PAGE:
On Aristotle’s The Poetics….

This is a response I wrote up for Tuesday’s class on The Poetics…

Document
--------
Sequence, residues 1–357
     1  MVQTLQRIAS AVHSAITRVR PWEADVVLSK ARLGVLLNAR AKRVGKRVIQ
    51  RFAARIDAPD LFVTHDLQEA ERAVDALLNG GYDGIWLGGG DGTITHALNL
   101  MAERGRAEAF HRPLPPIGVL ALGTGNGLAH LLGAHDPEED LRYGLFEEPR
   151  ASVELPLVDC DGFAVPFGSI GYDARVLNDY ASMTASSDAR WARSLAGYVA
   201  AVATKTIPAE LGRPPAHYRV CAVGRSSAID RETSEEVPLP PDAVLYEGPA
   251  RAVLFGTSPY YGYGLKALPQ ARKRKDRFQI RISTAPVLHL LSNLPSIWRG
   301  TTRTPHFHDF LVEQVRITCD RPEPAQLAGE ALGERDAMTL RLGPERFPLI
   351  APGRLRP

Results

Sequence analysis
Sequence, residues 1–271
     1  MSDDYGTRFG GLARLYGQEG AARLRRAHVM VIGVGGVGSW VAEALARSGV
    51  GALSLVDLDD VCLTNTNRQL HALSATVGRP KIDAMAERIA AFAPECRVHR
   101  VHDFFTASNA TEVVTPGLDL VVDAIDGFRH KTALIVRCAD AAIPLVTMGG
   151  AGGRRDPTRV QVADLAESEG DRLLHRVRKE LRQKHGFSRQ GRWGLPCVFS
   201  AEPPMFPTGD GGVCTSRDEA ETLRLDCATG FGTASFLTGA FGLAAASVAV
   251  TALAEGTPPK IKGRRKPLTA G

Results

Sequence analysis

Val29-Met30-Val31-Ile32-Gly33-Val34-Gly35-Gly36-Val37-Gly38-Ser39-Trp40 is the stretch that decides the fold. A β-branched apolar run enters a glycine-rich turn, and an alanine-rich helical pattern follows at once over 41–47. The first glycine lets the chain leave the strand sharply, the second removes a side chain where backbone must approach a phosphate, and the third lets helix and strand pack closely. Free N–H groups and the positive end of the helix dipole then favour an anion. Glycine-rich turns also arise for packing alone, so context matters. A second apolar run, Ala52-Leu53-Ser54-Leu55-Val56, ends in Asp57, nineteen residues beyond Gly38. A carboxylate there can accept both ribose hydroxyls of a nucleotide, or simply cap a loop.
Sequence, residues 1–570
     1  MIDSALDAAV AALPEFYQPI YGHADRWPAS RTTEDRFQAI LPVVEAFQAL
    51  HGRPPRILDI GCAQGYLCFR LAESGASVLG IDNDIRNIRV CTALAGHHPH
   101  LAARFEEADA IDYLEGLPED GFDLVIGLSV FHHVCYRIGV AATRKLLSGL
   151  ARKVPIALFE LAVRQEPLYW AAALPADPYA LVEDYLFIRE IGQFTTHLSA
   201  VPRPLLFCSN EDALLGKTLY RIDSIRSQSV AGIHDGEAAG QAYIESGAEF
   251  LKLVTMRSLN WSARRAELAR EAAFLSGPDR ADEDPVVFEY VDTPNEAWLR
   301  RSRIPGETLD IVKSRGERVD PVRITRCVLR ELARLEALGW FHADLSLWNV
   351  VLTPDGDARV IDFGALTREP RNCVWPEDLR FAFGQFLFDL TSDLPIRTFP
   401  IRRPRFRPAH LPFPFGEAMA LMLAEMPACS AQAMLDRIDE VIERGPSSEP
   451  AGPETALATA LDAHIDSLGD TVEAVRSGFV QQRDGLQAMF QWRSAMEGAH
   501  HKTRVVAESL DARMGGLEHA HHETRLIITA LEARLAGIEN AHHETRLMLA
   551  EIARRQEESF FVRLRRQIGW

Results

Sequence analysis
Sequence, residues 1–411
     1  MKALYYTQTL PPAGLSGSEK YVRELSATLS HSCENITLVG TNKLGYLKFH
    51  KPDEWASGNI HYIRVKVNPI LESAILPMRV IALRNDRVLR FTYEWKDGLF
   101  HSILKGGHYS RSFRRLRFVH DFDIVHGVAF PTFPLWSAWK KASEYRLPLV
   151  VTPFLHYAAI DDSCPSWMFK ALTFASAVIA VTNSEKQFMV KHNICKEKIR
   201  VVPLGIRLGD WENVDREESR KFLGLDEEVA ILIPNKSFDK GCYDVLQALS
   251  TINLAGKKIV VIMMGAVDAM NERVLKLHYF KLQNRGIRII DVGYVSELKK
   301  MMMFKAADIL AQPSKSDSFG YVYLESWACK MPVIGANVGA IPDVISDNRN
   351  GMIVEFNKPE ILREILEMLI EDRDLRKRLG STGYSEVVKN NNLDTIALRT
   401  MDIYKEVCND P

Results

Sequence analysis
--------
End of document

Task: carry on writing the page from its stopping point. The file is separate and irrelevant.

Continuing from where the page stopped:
For Aristotle the climax of a Tragedy should have two characteristics: that it be both surprising and inevitable. These qualities can be found in non-linear or computational media, but in different ways. If you are trying to tell a story but allow changes to the order of the plot, or the behavior of the characters, or prevent certain events from happening at all, the sense of inevitability is inherently removed. Perhaps surprise is heightened, as the audience is never quite sure what to expect. This tends to put the audience in a position of trying to figure out just what is going on. In traditional linear media a certain level of confusion might be tolerated, even welcomed, if there is some payoff for it. In non-linear experiences (games, for example) the payoff of overcoming this confusion — putting all the puzzle pieces together — can be even greater than that experienced at the resolution of a Tragedy — IF the audience is engaged and/or committed enough to suffer through the learning curve, and IF there is indeed the a resolution to be had (some non-linear pieces stop at the level of invoking confusion). Here is where the inevitable kicks back in — when some solution or pattern or story becomes obvious – and the audience can experience the same ‘A-ha!’ moment which is so critical in Aristotle’s definition of a Tragedy’s climax. Indeed, our minds are pattern matchers, and pattern makers — we want to see disparate elements resolve themselves into something recognizable–take this week’s LeCoq exercises — given enough effort and a little bit of structure, and we can make even the most absurd elements seem ‘inevitable’.

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